Veis said the Safe Surrender program switched up its campaign tactics around two years ago to include new bumper stickers on buses, a new website with a webinar, posters and flyers in four different languages, aiming to engage the audience most in need of Safe Surrender. In an interview last week, Supervisor Knabe said other strategies involved posting public service advertisements during nighttime hours. Veis said there are currently no plans to change the program.

Baby Safe Haven New England, a Massachusetts-based nonprofit, argued that more effective communications strategies could and should be adopted, referencing a similar law passed in Massachusetts that also allows women seven days instead of three to drop their child off.

In his interview last week, Knabe said the 72 hour (three day) rule was instituted on the advice of physicians, who maintain that the first three days are essential to the well-being of a baby and “define their life.”

“Too much can happen in a week,” said Knabe. “Going on what the doctors told us, too much can happen to an infant. As far as I understand, this tragedy thought the baby was burnt to death when the reality was it was in a decomposition mode, which made it look like it was burned, and obviously something like that can happen in seven days, eight days.”

Knabe said “people have tried 30 days, have tried 60 days,” and have had to be turned away from Safe Surrender areas. “The first 72 hours is the most critical time in an infant’s life,” he said. “Anything being thought, particularly if someone has responded, there could be more abuse to the baby.”

Staff at Baby Safe Haven focused on the program's communications strategies and offered suggestions on better targeting tactics. 

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Rex Richardson addresses the crowd. 

“The problem is the old politicians of your state are using it to self promote to their likely voters, who are in their 40s, 50, and 60s,” wrote Mike and Jean Morrisey of Baby Safe Haven in an email to the Post. “They're definitely not getting the info out to teens and twenty year olds. If that were the case you'd never see much too old political types in California, you'd see young music stars of LA, young TV and movie stars of Hollywood and nothing else.”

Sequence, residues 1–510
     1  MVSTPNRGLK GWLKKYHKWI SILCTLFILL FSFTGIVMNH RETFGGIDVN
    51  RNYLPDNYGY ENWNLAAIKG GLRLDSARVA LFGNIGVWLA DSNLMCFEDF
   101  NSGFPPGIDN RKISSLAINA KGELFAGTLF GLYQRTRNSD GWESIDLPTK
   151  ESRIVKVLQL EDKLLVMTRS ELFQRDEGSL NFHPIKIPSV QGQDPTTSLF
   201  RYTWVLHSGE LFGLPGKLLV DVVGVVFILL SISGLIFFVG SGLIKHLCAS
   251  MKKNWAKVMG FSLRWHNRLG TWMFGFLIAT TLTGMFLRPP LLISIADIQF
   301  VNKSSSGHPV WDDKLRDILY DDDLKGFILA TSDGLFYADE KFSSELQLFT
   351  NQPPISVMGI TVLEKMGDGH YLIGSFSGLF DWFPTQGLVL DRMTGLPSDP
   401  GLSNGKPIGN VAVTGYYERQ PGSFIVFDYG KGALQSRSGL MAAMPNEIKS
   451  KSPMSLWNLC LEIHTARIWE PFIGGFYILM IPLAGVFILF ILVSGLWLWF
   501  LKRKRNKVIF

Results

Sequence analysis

In a January interview with State House News Service, Baby Safe Haven founders claimed that just one baby has been found dead in the last five years within the state. Massachusetts began its program in 2004.

Veis said it is difficult to track the performance of the program in full (particularly the exact number of babies lost because mothers did not take advantage of the program), due to the confidential aspect of Safe Surrender, something Veis said they strive to make stress-free for the mothers, and the size of Los Angeles County.

“This is the largest county in America, with diverse demographics,” said Veis. “It’s so hard to measure. Most people think that those giving up their babies in the centers are 16 or 15-year-olds. [...] These are not just young teens who are abandoning or surrendering their babies. We’ve had someone as old as 46 years old hand over their baby. These are mothers who get pregnant in secret, hide their secret, and then want to get rid of their secret."

Veis said Safe Surrender offers such mothers a safe an anonymous avenue to do so, "while giving their child the chance to live a full life with a family who loves them."

That being said, Veis, Richardson, Duree and community members continued to evaluate the cause of the situation and theorize what could have caused the decomposing infant to be abandoned and found in that North Long Beach alley.

“No program, no amount of money can do what we, the community can do,” said Gaytan, of the neighborhood association. “Opening our homes to these women, being compassionate is what is going to make a difference.”

This story was updated at 5:48PM with additional information from Andrew Veis, spokesperson for Supervisor Knabe's office.